But instead of speeding up when they hit the slope, my dogs slowed down and began to droop. My heart sank as I stopped the team and walked up, suspecting water in the creek. Sure enough, a flood had run down the creek and now looked half frozen — wet along the edges, maybe an inch of ice down the middle.
I turned my leaders, Jiles and Keta, loose to see what they thought of the ice. Jiles went down and checked it out; he could walk around on the fresh ice, but fell through into foot-deep water a couple of times. That ice would never hold up under my loaded sled, especially when it crashed down the bank.
Jiles came back to his lead position, sat down, and looked at me as I debated whether to attempt the crossing. I would certainly get wet, but I had spare foot gear, and it was above zero.
I also wasn’t sure if the sled would break the ice and push through it, or jam under it, leaving us all stuck and standing in the water. Finally, would the dogs go smoothly out, or would they get tangled and clogged up, stalling out in the creek?
I looked at Jiles. He looked back, and in his clear eyes I saw him say “Yes.”
Walking back to the sled, I turned my wheel dog, Diesel, loose so the sled wouldn’t run over him and pin him underwater below the bank. “OK, hike!” I called.
Down we went, crashsplash into ice and water. My boots filled immediately but Jiles led the dogs forcefully over the breaking ice, around the bend, up the bank. The sled did not get wedged, but shattered the ice as it jolted forward. I really thought we would emerge triumphantly on the far side, but we didn’t. The snow ramp we’d built to keep the sled from ramming the overhanging hummocks had softened to slush. The sled squashed it, slammed into the hummocks, and stopped abruptly.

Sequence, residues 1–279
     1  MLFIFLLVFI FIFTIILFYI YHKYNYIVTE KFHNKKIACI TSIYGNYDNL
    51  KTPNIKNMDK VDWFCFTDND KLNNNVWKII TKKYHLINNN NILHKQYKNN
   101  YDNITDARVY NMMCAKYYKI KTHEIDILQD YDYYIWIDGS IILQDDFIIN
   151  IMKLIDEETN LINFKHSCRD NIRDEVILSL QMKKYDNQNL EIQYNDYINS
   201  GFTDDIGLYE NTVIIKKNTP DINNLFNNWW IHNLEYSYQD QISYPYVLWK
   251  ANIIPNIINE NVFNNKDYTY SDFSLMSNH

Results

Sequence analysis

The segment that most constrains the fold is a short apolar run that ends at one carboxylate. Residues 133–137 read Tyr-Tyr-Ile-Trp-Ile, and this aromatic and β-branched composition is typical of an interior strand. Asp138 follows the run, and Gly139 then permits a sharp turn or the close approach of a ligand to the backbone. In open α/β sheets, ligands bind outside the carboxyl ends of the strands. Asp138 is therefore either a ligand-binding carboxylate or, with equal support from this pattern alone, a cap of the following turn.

Diesel hadn’t followed me across the creek. Keta and old Coco, also loose, were nowhere to be seen. I didn’t know if my remaining five dogs could jerk the sled out, but we had to try. My wet feet were definitely cold now.
I grabbed the towrope in front of the sled and levered it sideways, forcing the dogs backward a few inches, then let go with a loud “Hike!”
The dogs hit their harnesses in unison with a mighty jerk as I heaved on the sled.
Nothing happened — or so I thought.
When I turned back to face the dogs for another try, they were gone! The towrope had snapped, leaving me stranded. I groaned and tried not to laugh, but I actually had to make a critical decision. Did I race after the runaways to extricate them from the inevitable tangle that could hurt them? Did I salvage my survival gear before it got wet? Or fetch Diesel from the far bank so I could get out of these wet boots because now my feet were pretty cold?
First things first: I swiftly unloaded my heavier gear from the sled and with help from Keta and Coco we pried the bow over the hummock and partway out of the water.
Then I waded back for Diesel, my feet now seriously cold.
Finally I sat down to put on warm, dry mukluks. I was half done when Jiles came galloping up with the other four dogs in a big tangle of tugs and towline, bowling me over into the snow.
“You came back, you came back!” I shouted. “Good boys!”
The sled, heavy with frozen slush, weighed a ton now but we only had five miles to reach the next cabin. The last two rivers were not flooded, but given my run of luck, I decided not to have Pilot Bread and peanut butter for supper!
Julie Collins is a trapper and freelance writer who lives near Lake Minchumina.